Kritsnayatana, Kṛtsnāyatana, Kritsna-ayatana: 2 definitions
Kritsnayatana means something in Buddhism, Pali, Hinduism, Sanskrit. If you want to know the exact meaning, history, etymology or English translation of this term then check out the descriptions on this page. Add your comment or reference to a book if you want to contribute to this summary article.
The Sanskrit term Kṛtsnāyatana can be transliterated into English as Krtsnayatana or Kritsnayatana, using the IAST transliteration scheme (?).
Mahayana (major branch of Buddhism)Source: Wisdom Library: Maha Prajnaparamita Sastra
Kṛtsnāyatana (कृत्स्नायतन) or simply Kṛtsna refers to the “ten spheres of totality”, according to the 2nd century Mahāprajñāpāramitāśāstra chapter 32.
According to the Mahāvyutpatti, the ten spheres of totality (kṛtsnāyatana) are:
- totality of earth;
- totality of water;
- totality of fire;
- totality of wind;
- totality of blue;
- totality of yellow;
- totality of red;
- totality of white;
- totality of space;
- totality of consciousness.
This totality of earth, water, fire, wind, blue, yellow, red and white, he recognizes them above, below, on the side, without duality and limitless.
Of the four formless spheres (ārūpyāyatana, only the first two, ākāśānantyāyatana ‘sphere of infinite space’ and vijñānānatyāyatana ‘sphere of infinite consciousness’, are kṛtsnāyatanas. Why are the other two formless spheres, namely, ākiṃcanāyatana ‘sphere of nothing at all’ and naivasaṃjñānāsaṃjñāyatana ‘sphere of neither identification nor non-identification’ not kṛtsnāyatanas as well? Answer.—The kṛtsnāyatanas are subjective views and, of the formless spheres, only two, those of infinity of space and infinity of consciousness, lend themselves of subjective extensions.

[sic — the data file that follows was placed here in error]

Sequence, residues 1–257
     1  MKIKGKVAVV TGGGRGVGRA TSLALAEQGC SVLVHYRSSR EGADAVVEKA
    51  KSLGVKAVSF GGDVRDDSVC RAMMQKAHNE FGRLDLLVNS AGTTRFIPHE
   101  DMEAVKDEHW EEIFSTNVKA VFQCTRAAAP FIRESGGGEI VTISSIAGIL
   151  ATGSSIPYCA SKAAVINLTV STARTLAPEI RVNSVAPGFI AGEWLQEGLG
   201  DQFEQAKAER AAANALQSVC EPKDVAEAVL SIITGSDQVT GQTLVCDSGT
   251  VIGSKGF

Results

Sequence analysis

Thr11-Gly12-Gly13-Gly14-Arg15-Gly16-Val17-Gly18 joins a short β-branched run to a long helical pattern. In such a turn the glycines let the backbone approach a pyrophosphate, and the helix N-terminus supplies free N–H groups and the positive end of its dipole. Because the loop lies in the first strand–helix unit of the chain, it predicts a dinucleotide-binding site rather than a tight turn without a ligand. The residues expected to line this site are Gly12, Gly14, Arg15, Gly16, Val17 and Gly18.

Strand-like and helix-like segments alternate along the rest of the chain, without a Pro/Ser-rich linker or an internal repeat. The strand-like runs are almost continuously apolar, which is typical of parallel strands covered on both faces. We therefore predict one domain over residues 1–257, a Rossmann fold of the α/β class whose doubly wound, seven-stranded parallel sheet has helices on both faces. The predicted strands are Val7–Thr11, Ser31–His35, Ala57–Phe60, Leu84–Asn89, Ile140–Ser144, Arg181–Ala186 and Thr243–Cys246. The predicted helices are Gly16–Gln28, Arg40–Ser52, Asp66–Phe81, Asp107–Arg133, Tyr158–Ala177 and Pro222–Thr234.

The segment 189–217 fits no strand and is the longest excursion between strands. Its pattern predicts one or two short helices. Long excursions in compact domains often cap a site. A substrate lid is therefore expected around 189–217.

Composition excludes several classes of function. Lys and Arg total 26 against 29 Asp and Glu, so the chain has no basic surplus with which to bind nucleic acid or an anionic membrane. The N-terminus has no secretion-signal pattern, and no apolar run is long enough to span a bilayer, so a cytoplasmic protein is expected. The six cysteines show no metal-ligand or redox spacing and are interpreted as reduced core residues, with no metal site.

Mahayana (महायान, mahāyāna) is a major branch of Buddhism focusing on the path of a Bodhisattva (spiritual aspirants/ enlightened beings). Extant literature is vast and primarely composed in the Sanskrit language. There are many sūtras of which some of the earliest are the various Prajñāpāramitā sūtras.
Languages of India and abroad
Sanskrit dictionarySource: Cologne Digital Sanskrit Dictionaries: Edgerton Buddhist Hybrid Sanskrit Dictionary
Kṛtsnāyatana (कृत्स्नायतन).—see kṛtsna.
Sanskrit, also spelled संस्कृतम् (saṃskṛtam), is an ancient language of India commonly seen as the grandmother of the Indo-European language family (even English!). Closely allied with Prakrit and Pali, Sanskrit is more exhaustive in both grammar and terms and has the most extensive collection of literature in the world, greatly surpassing its sister-languages Greek and Latin.
See also (Relevant definitions)
Search found 4 books and stories containing Kritsnayatana, Kṛtsnāyatana, Kritsna-ayatana, Kṛtsna-āyatana, Krtsna-ayatana, Krtsnayatana; (plurals include: Kritsnayatanas, Kṛtsnāyatanas, ayatanas, āyatanas, Krtsnayatanas). You can also click to the full overview containing English textual excerpts. Below are direct links for the most relevant articles:
Maha Prajnaparamita Sastra (by Gelongma Karma Migme Chödrön)
Class 7: The ten spheres of totality (kṛtsnāyatana, kṛtsna-āyatana) < [Class (5) liberations, (6) masteries and (7) totalities]
Introduction to the eight classes of dharmas < [Chapter XXXII-XXXIV - The eight classes of supplementary dharmas]
4. Causes and conditions in the concentrations < [Part 4 - Questions relating to the dhyānas]
Abhidharmakośa (by Vasubandhu)
Blue Annals (deb-ther sngon-po) (by George N. Roerich)
Chapter 1c - The Zur Geneology (ii): Zur chung shes rab grags pa < [Book 3 - Early translations of Secret Mantra]